ANS is committed to advancing, fostering, and promoting the development and application of nuclear sciences and technologies to benefit society.
Explore the many uses for nuclear science and its impact on energy, the environment, healthcare, food, and more.
Operations & Power
Members focus on the dissemination of knowledge and information in the area of power reactors with particular application to the production of electric power and process heat. The division sponsors meetings on the coverage of applied nuclear science and engineering as related to power plants, non-power reactors, and other nuclear facilities. It encourages and assists with the dissemination of knowledge pertinent to the safe and efficient operation of nuclear facilities through professional staff development, information exchange, and supporting the generation of viable solutions to current issues.
2024 ANS Annual Conference
June 16–19, 2024
Las Vegas, NV|Mandalay Bay Resort and Casino
The Standards Committee is responsible for the development and maintenance of voluntary consensus standards that address the design, analysis, and operation of components, systems, and facilities related to the application of nuclear science and technology. Find out What’s New, check out the Standards Store, or Get Involved today!
Latest Magazine Issues
Latest Journal Issues
Nuclear Science and Engineering
Fusion Science and Technology
The reality of radiation
Rep. Brandon Williams
Rep. Byron Donalds
For many Americans, the word “radiation” is often associated with fear of the unknown, yet the medical and scientific reality is that radiation is ever present in nature and is beneficial to human life. The truth behind radiation historically has been distorted and stigmatized—even the U.S. Nuclear Regulatory Commission recognizes that “radiation is naturally present in our environment, as it has been since before the birth of this planet.”
To embrace a responsible, low-carbon energy future, the American public should be aware of the beneficial applications of radiation instead of fearing it due to unsubstantiated hysteria generated by opponents of responsible nuclear energy.
Sang Ho Kim, Seong-Wan Hong, Rae-Joon Park
Nuclear Technology | Volume 207 | Number 10 | October 2021 | Pages 1615-1632
Technical Paper | doi.org/10.1080/00295450.2020.1820827
Articles are hosted by Taylor and Francis Online.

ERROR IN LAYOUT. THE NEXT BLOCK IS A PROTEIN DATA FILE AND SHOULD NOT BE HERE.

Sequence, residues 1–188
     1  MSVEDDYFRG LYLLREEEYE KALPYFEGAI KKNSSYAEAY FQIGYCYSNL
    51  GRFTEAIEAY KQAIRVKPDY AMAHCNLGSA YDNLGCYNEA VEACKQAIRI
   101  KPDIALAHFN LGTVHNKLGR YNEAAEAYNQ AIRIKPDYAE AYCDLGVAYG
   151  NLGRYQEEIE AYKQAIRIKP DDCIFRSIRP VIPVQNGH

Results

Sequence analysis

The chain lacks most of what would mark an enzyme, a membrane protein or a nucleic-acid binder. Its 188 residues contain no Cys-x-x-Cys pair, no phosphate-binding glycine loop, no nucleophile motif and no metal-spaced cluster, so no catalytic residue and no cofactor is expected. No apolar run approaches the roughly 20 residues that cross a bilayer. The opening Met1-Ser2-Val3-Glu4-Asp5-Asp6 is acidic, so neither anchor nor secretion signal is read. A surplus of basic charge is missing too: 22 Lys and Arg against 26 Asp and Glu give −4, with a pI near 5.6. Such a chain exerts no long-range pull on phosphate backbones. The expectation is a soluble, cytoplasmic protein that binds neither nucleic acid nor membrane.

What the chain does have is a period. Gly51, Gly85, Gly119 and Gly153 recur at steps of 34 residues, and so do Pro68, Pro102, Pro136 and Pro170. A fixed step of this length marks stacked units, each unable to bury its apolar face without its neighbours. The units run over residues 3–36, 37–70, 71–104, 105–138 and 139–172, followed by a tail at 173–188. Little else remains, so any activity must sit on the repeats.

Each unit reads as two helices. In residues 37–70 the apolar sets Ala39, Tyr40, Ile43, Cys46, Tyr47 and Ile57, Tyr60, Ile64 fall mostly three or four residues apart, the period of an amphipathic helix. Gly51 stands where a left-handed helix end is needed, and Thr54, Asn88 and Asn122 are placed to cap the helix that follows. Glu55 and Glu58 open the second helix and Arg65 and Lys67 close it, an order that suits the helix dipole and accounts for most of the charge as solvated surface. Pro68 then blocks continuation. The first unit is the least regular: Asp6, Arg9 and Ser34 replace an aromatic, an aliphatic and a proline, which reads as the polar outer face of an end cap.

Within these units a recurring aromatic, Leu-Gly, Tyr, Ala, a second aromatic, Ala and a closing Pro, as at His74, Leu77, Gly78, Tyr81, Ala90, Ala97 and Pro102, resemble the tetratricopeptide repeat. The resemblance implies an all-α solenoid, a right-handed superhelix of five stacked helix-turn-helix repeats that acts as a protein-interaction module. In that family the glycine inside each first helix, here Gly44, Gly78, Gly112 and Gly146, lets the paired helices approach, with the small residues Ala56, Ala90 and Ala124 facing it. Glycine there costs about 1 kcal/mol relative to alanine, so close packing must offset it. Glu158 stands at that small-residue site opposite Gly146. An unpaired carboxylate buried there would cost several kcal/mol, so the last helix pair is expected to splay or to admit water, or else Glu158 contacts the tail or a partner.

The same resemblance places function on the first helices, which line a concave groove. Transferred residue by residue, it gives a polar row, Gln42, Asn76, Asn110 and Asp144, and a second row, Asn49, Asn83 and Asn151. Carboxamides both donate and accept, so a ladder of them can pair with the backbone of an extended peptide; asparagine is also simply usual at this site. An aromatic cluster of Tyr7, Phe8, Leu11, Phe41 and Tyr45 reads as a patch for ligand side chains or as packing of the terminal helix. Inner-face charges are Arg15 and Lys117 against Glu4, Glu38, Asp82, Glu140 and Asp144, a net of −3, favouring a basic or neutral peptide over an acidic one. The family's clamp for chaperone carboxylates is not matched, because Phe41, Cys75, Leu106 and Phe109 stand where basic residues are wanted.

A steam explosion can occur when molten corium falls from the reactor vessel into the water in the reactor cavity. While various research studies have been conducted on steam explosions following the free fall of molten corium in air before entering the water, steam explosions following submerged corium discharge under the ex-vessel cooling condition have received relatively little analysis. The aim of this paper is to compare the progress and consequences of a steam explosion in experiments and simulations for the partially flooded cavity and ex-vessel cooling conditions. Three steam explosion tests carried out in the TROI (Test for Real cOrium Interaction with water) experimental facility were simulated by the TEXAS-V code. Experimental tests were first modeled, followed by a comparison of the experimental and simulation results. The effect of the molten corium mass involved in the steam explosion under water at the moment of triggering on the strength of the explosion was higher than that of the corium composition in the tests and simulations for the condition of a partially flooded cavity. In the test and simulations of different corium injection modes to the water, the maximum pressure and impulse of the steam explosion appeared in the partially flooded cavity condition. In the simulations for the partially flooded cavity condition, the mass of the molten corium fragmented by Rayleigh-Taylor instability (RTI) was higher than that fragmented by Kelvin-Helmholtz instability (KHI). Modeling of KHI fragmentation caused solidification of the fragmented corium particles, and the impulses reduced accordingly. In the simulations for the ex-vessel cooling condition, as melt jet breakup did not occur before the triggering time, simulations with only RTI fragmentation underestimated the impulse of the steam explosion. Otherwise, modeling of KHI fragmentation increased the impulse of the steam explosion due to fragmentation on the side of the corium jet. Steam explosion simulations in the ex-vessel cooling condition require more detailed modeling of the melt jet and premixing area, as well as variable adjustment for the fragmentation by KHI.